Despite an FDA approval of growth hormone treatment for children with idiopathic short stature (ISS), the mean cost burden to patients and their families has increased over time.
Genetic rickets improves more with burosumab than standard care, study finds
Burosumab, a new injectable medicine to treat X-linked hypophosphatemia (XLH), an inherited form of rickets, demonstrates superior improvements in rickets and other outcomes compared with conventional therapy in an international, phase 3 clinical trial in children.
Youth smoking and vaping: What does it mean for tobacco control
New research from PIRE/PRC features analysis of in-depth, qualitative interviews with young vapers in California between 15 and 25.
Ethnic minorities not 'hypersensitive' to microaggressions, research shows
There is no evidence that ethnic minorities are more sensitive than other groups to supposedly trivial insults or invalidations, they just experience them more often, research from Goldsmiths, University of London shows.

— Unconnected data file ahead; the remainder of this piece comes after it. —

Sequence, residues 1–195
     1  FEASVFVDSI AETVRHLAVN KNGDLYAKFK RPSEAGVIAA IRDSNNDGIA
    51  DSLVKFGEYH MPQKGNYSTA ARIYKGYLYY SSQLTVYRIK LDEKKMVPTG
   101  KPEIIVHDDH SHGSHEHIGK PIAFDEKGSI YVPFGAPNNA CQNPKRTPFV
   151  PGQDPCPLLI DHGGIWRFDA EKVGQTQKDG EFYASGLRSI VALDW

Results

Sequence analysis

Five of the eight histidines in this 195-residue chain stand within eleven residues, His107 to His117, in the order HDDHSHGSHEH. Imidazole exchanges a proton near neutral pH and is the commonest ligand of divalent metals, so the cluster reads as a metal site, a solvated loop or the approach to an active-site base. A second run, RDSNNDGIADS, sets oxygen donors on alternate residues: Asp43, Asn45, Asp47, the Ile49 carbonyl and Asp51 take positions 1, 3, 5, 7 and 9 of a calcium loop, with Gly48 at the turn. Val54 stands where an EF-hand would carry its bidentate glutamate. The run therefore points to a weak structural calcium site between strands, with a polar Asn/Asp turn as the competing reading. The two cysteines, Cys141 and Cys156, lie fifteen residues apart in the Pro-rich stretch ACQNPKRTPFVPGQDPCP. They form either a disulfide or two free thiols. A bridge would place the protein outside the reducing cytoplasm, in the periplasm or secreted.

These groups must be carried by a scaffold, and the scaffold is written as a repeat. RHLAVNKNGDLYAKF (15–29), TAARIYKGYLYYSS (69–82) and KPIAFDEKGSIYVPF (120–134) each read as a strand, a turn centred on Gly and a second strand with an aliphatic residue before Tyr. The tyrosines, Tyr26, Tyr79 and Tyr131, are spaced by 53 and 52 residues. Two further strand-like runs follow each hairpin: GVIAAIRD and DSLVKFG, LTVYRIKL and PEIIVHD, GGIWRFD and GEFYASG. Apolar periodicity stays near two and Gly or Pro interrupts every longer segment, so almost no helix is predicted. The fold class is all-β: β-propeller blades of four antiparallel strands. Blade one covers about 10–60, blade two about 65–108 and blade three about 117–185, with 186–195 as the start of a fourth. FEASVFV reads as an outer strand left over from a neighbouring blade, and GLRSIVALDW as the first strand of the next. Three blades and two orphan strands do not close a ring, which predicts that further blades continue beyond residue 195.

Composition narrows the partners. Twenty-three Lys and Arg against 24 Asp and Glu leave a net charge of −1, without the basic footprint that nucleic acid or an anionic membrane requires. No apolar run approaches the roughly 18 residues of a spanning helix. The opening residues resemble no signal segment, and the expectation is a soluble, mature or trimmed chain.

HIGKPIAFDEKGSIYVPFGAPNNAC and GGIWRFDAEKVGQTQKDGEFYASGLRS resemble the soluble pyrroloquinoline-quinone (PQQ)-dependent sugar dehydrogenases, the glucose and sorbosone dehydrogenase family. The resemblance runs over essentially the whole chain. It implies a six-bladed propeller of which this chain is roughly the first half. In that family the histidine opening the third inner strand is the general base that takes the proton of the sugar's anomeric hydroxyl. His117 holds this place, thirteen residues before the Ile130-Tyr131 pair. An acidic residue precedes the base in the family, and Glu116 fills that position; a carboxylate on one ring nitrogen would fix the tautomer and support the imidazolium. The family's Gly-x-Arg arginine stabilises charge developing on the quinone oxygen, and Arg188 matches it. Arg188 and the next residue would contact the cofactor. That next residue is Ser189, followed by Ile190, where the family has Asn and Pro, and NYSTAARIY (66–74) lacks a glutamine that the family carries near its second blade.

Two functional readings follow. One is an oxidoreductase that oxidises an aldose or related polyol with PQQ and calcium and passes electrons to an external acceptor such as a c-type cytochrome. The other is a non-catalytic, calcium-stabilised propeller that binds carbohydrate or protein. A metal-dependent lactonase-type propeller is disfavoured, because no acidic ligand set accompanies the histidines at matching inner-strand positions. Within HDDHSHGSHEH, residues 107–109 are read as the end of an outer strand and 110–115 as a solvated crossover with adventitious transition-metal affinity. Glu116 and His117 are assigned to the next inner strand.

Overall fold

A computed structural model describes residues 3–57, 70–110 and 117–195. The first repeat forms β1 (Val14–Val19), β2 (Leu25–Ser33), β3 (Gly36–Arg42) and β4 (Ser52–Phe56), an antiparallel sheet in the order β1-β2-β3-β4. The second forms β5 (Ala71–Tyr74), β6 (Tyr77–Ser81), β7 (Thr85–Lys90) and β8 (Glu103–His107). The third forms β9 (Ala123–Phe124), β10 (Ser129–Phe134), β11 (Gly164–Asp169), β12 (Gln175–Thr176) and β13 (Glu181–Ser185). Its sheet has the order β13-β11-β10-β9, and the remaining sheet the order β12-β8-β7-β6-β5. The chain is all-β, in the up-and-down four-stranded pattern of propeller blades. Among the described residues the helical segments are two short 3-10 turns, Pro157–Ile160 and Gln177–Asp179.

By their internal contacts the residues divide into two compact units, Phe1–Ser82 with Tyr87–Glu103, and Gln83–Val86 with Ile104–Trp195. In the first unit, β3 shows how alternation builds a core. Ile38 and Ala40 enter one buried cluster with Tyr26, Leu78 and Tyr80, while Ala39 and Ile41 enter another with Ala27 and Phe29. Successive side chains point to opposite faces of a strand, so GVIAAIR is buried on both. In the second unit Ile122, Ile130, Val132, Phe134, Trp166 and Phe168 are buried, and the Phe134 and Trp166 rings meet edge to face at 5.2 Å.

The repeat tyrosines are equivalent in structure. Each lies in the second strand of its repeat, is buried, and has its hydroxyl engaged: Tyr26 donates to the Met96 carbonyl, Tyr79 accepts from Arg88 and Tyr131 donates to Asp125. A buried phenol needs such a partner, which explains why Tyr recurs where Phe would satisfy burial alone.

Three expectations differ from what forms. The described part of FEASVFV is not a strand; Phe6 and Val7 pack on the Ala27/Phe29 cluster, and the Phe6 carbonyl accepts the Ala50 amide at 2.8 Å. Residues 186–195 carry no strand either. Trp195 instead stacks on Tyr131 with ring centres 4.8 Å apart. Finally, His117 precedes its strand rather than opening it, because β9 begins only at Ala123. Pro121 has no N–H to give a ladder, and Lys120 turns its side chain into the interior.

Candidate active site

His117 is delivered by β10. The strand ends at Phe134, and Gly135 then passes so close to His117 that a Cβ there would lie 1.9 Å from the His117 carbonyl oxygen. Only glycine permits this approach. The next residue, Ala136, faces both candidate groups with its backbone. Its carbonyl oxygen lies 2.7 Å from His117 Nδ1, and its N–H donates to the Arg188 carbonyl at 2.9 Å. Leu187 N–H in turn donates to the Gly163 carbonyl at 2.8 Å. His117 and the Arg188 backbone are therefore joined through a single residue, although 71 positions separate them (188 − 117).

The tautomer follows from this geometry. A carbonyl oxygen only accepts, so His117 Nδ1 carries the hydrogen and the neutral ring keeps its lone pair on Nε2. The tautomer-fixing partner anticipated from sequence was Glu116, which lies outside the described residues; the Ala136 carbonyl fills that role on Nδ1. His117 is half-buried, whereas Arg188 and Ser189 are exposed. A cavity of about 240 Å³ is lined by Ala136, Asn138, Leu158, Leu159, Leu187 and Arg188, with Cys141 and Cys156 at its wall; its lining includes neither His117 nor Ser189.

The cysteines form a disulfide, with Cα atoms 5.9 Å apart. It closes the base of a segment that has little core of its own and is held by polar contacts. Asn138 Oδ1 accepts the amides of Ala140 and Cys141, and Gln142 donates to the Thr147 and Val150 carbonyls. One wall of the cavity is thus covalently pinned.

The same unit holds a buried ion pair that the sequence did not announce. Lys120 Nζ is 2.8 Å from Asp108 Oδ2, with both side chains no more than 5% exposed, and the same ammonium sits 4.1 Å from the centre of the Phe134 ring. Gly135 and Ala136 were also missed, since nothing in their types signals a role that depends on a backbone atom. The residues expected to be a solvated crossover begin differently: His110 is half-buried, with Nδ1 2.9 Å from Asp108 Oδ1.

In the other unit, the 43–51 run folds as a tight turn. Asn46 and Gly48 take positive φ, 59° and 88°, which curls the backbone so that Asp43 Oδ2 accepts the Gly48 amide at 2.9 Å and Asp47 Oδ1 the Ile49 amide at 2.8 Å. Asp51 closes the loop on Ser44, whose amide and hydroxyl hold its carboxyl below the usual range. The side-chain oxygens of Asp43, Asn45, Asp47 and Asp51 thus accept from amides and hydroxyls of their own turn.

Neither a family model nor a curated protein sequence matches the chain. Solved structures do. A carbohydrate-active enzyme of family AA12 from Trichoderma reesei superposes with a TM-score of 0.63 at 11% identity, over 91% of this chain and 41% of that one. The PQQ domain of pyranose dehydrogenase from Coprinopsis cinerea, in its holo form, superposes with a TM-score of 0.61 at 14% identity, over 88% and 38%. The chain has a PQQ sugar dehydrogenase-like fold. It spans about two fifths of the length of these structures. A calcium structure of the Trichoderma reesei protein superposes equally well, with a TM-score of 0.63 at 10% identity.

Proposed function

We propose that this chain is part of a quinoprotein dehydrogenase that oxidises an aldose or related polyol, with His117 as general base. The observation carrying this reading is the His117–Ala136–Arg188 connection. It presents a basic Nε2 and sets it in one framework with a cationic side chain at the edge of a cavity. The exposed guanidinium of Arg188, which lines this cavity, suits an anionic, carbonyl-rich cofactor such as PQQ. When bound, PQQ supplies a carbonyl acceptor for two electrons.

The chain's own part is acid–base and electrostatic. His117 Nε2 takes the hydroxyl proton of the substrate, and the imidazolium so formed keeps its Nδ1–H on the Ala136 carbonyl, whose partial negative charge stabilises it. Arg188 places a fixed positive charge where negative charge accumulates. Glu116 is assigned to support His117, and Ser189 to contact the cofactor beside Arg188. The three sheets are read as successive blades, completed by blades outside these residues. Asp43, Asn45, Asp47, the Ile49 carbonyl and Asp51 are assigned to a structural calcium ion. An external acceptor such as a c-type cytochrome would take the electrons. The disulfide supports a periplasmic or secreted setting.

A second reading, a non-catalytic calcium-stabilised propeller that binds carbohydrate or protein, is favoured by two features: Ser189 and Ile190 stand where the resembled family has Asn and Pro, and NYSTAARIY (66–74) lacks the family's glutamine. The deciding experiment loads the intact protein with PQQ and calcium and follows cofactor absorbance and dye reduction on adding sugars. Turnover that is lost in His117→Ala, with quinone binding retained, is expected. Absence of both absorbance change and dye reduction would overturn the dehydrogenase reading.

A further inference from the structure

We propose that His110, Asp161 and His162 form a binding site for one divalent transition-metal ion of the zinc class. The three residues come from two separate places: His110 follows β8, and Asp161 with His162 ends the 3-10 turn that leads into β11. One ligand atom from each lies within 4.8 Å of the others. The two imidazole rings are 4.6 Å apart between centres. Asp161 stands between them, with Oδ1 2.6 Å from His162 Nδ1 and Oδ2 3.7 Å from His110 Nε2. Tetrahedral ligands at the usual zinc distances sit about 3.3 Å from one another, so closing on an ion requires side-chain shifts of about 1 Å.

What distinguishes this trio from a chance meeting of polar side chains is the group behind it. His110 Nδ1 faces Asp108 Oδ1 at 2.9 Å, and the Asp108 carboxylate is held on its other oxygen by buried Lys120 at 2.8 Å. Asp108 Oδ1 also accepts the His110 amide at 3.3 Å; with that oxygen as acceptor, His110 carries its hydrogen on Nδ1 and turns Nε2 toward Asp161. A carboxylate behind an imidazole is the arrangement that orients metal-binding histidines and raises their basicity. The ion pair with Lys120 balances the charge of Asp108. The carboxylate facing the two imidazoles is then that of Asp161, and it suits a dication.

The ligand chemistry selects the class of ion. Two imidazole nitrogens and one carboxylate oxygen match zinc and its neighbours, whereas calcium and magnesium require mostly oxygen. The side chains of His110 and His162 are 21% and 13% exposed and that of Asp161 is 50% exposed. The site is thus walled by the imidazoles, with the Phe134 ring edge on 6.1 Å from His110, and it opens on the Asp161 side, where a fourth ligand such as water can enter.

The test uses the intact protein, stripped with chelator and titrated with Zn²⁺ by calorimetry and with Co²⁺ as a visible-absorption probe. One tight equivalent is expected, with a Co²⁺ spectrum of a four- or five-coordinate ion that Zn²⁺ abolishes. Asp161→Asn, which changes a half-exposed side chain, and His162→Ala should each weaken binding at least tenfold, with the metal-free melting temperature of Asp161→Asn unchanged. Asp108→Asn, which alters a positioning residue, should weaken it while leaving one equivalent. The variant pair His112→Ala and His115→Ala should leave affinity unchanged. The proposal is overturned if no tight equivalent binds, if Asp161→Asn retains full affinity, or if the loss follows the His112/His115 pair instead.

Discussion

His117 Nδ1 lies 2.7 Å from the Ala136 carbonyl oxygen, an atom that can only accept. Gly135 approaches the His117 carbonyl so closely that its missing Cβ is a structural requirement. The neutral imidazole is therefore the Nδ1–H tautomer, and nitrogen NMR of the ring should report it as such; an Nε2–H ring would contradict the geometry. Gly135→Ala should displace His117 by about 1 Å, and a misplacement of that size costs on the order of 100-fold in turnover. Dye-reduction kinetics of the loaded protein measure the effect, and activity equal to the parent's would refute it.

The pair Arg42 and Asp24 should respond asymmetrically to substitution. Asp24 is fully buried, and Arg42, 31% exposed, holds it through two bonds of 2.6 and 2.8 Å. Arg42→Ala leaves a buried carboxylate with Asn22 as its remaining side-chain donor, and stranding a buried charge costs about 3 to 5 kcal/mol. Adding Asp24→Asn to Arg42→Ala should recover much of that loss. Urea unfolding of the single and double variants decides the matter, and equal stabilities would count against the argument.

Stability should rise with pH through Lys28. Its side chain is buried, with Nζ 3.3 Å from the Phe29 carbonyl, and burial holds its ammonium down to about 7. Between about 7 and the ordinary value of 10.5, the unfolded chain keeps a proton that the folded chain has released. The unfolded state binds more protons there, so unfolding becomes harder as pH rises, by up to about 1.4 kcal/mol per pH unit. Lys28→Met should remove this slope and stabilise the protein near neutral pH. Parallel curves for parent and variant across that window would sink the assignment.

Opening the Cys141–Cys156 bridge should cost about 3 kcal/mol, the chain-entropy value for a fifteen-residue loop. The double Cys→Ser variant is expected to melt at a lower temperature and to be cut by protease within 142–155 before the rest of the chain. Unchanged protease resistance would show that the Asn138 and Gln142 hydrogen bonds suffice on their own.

Study highlights detrimental effect of overlooking female athletes' nutritional needs
As poor nutrition can negatively affect everything from bone to reproductive health, more attention needs to be paid to the specific nutritional needs of female athletes, a collaborative study from New Zealand's University of Otago and University of Waikato argues.
Chemicals in household dust may promote fat cell development
Endocrine-disrupting chemicals present in household dust promote the development of fat cells in a cell model and could contribute to increased growth in children relative to their age, according to research to be presented Monday, March 25, at ENDO 2019, the Endocrine Society's annual meeting in New Orleans, La.
Tuck into colourful fruits and vegetables and see the light
A $5.7 billion global medical bill to restore sight for the estimated 45 million people with cataracts could be slashed in half by a diet rich in colourful fruits and vegetables, according to an international study.
Scientists turn back evolutionary clock to develop high-CO2-tolerant microalgae
A team of scientists led by Prof. XU Jian from the Qingdao Institute of Bioenergy and Bioprocess Technology (QIBEBT), Chinese Academy of Sciences, and Prof.